- Yaoshan Hill Park: large park that includes the highest peak in the area; doesn’t seem to be too popular with visitors, but has arguably the best views among the various climbable peaks; you can climb to the top or take a chair lift; on the way down, you have the option of taking a toboggan from the half-way point; located several kilometers east of downtown on Jingjiang Road; take buses #10 or #98 to get close, but you’ll still have a bit of a walk; ¥60 entrance
- Crown Cave: another brightly lit up and thus incredibly colorful cave; take a long distance bus to the area, followed by a monorail or visitor’s jeep for ¥35 to the entrance; ¥65 to enter, plus another ¥5 to see the waterfall in the cave
- Daxu Town: ancient town over 1000 years old on the bank of the Li River; located near Crown Cave, 1.5 hours by bus from Guilin
- Li River Cruise: the most common cruise takes you from Guilin to Yangshuo, through the incredible Li River karst landscape; ¥400 for a luxury cruise, ¥360 for ordinary, ¥140 for a bamboo raft and an additional ¥200 to see the traditional cormorant fishing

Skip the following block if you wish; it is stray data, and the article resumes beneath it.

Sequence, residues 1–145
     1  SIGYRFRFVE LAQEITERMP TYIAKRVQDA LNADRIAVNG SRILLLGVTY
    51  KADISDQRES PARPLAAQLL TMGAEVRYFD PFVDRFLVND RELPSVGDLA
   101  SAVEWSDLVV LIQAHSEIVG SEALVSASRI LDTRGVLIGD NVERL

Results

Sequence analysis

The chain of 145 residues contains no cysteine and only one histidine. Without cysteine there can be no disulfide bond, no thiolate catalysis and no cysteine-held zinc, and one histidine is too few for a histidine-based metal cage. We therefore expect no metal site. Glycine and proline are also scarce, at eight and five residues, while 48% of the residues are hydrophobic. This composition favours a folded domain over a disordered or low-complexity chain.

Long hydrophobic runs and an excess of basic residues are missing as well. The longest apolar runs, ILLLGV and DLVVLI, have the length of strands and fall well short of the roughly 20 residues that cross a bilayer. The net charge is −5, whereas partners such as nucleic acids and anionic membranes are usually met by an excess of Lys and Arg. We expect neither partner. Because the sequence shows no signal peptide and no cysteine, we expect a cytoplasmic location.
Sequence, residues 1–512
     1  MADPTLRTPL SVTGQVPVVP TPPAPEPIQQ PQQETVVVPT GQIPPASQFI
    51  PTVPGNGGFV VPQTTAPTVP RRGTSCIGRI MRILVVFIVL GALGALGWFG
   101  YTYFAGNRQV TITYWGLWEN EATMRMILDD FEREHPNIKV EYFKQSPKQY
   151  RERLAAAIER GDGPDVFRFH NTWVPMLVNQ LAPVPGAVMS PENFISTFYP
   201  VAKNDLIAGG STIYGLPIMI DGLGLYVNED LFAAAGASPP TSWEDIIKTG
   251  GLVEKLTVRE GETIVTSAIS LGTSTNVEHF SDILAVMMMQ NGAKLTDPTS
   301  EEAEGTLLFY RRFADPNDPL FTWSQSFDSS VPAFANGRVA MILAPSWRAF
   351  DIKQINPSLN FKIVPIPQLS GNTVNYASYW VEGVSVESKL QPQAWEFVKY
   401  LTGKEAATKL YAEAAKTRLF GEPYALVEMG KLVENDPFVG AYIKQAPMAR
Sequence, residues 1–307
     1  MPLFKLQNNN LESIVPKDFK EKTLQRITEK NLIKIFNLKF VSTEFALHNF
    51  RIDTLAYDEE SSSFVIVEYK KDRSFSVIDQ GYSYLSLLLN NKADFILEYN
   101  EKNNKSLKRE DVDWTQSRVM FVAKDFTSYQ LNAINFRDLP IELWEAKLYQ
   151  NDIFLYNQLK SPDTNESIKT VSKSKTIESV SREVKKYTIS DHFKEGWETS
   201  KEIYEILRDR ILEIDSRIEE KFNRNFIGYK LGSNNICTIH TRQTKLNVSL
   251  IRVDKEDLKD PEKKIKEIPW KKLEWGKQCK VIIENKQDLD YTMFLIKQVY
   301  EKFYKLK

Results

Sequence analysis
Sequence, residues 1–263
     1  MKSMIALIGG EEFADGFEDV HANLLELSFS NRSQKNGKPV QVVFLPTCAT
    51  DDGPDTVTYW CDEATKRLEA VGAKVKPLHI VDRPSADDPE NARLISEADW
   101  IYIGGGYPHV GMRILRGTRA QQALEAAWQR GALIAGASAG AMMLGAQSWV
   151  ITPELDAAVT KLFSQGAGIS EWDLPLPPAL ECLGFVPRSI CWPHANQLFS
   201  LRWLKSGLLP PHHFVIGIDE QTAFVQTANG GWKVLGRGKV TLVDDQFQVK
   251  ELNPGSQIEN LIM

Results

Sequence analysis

- Two Rivers and Four Lakes Cruise: as the name suggests, a boat tour around the two rivers and four lakes of Guilin, including a traditional cormorant fishing demonstration; the scenery is lit up at night and looks pretty amazing; on Binjiang Road; every half hour from 9AM to 9:30PM; ¥150 (¥130 off-season)
- Butterfly Cave: another colorfully lit up cave; this one includes a rock formation shaped like—you guessed it—a butterfly; a rope bridge takes you from the cave’s exit over to another mountain, passing a waterfall
Money Saving Tips
- do not take a taxi from the airport; take the airport bus instead
- similarly, take public transit to get downtown from the train and bus stations and also to get around the city; remember: all city buses beginning with the number 5 are free and others cost only 1 Yuan
- eat at small restaurants or street food stalls, especially in the area around the train station
- avoid the tours, as most of them are not worth the money
- limit the attractions you visit, as many are similar and most are overpriced
- don’t get scammed; be very wary of any stranger who tries to befriend you; Guilin is not the place to make friends with the locals—do that elsewhere in China